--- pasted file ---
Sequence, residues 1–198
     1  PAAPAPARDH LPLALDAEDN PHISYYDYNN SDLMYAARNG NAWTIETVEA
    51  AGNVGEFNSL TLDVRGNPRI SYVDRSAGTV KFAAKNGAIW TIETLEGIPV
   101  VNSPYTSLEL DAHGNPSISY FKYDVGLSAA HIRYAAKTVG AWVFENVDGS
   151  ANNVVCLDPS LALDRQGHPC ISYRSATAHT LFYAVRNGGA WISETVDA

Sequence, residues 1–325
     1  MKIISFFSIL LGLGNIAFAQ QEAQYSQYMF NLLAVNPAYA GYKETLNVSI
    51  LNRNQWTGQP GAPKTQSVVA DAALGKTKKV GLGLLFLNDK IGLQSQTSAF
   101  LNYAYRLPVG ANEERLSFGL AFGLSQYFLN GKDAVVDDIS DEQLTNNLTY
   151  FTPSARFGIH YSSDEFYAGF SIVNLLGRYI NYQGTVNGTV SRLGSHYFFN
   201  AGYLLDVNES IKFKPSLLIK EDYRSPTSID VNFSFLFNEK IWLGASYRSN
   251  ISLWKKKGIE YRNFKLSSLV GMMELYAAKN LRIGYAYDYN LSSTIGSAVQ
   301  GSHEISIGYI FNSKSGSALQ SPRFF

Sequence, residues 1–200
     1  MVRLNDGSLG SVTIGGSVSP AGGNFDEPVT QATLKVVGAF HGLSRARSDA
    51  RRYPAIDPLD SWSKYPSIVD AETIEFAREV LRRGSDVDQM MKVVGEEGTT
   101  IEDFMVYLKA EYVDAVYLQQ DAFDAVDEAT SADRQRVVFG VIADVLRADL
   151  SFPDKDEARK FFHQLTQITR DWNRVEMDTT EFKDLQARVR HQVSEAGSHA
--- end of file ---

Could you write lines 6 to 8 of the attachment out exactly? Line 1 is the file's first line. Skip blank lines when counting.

Sequence, residues 1–325
     1  MKIISFFSIL LGLGNIAFAQ QEAQYSQYMF NLLAVNPAYA GYKETLNVSI
    51  LNRNQWTGQP GAPKTQSVVA DAALGKTKKV GLGLLFLNDK IGLQSQTSAF